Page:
It's an often-told joke that no matter how much money a movie or TV show grosses, no one ever seems to make any money. According the the LA Times, Celador International, the creator of "Who Wants to Be a Millionnaire," filed suit against Disney in 2004, charging that Disney had struck a series of deals between Disney owned and controlled companies in order to make it appear that the show had made no money. (Disney actually claimed that the show has lost $73 million since it first went on the air.)
Celador asked for as much as $395 million in broadcast licensing fees, based on an expert's opinion of the fair market value of the show, plus another $10 million for Celador's share of royalties from sales of show-related merchandise. The jury returned a verdict awarding $260 million in licensing fees plus $9.2 million for merchandise royalties.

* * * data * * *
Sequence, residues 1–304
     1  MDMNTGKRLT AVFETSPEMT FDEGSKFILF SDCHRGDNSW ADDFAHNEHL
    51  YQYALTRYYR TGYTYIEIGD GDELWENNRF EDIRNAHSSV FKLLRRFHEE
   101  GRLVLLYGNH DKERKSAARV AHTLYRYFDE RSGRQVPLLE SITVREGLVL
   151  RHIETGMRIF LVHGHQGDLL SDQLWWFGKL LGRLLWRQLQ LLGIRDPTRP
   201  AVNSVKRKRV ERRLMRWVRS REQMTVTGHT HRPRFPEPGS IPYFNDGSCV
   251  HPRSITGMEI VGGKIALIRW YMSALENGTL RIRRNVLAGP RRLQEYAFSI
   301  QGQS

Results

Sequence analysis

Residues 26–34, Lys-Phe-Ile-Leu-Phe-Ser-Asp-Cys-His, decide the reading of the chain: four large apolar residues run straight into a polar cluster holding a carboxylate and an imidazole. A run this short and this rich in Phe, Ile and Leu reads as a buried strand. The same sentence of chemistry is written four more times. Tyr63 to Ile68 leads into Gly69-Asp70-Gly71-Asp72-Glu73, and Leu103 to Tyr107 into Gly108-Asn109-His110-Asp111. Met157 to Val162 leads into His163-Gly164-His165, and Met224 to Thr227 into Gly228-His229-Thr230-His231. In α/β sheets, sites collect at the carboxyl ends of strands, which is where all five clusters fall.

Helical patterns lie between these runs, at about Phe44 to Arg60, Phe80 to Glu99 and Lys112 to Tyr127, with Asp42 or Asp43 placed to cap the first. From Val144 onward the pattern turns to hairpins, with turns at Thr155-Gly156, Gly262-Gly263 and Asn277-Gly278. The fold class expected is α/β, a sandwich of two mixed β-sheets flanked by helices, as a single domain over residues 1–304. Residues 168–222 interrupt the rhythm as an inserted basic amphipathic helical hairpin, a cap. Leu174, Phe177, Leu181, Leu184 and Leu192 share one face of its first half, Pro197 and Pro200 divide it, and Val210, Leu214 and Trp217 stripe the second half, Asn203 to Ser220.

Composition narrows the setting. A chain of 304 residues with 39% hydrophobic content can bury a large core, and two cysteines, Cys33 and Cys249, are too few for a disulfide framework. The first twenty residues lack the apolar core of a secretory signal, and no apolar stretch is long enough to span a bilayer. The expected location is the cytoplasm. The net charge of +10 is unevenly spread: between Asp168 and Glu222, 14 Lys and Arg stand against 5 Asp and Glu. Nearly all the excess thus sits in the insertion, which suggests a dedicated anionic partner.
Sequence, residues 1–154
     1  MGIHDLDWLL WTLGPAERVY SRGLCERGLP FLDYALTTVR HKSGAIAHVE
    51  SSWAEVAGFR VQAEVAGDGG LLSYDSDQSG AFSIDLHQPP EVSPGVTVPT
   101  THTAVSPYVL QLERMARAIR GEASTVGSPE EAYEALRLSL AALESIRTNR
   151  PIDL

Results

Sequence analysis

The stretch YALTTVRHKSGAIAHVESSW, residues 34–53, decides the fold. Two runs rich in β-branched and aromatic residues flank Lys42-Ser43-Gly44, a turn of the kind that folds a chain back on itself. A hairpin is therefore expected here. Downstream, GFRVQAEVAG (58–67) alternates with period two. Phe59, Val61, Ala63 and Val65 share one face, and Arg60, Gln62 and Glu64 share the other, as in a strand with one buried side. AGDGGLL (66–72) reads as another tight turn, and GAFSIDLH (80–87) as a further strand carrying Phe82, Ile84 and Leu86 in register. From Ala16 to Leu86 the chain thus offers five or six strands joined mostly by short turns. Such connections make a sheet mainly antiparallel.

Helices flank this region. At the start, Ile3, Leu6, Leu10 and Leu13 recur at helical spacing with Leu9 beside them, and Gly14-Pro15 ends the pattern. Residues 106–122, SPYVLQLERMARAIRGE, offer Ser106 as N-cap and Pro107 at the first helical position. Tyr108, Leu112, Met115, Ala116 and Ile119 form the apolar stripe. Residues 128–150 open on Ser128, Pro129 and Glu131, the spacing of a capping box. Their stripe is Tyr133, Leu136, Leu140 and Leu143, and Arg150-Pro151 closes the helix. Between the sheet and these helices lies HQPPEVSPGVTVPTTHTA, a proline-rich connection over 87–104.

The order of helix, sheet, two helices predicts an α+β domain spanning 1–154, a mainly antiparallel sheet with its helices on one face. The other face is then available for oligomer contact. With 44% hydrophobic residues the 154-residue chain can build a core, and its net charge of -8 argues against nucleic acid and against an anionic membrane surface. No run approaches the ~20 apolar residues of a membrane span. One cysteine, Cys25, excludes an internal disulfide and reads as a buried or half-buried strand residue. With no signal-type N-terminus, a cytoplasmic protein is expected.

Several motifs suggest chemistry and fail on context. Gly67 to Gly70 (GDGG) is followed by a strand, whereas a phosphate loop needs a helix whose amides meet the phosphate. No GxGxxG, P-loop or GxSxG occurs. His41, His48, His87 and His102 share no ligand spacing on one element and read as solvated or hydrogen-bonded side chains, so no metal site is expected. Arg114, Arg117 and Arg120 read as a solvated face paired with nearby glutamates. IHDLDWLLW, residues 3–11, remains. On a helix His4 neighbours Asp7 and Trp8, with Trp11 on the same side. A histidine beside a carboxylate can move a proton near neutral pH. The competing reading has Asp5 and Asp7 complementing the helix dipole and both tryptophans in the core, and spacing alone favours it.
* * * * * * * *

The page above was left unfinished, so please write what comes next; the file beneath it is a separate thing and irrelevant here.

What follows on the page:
At the trial, Celador introduced evidence that Disney had received $515 million in revenue from license fees plus $70 million from merchandise sales. Kantar Media estimates that the show attracted nearly $1.8 billion dollars in advertising revenue over the life of its run. Yet, somehow, Disney calculates that it lost $73 million on the show.
For those of you who never saw the show, it consisted of two chairs, two computer displays, two people on stage, a bunch of spotlights on swivels and some foreboding music. I'd be amazed if it cost Disney $73 million to produce the show across its entire run.
This is an extreme but by no means unusual example of the problems of doing business with the "big media" companies. It's almost impossible to make money unless you've arranged fixed, unconditional payments.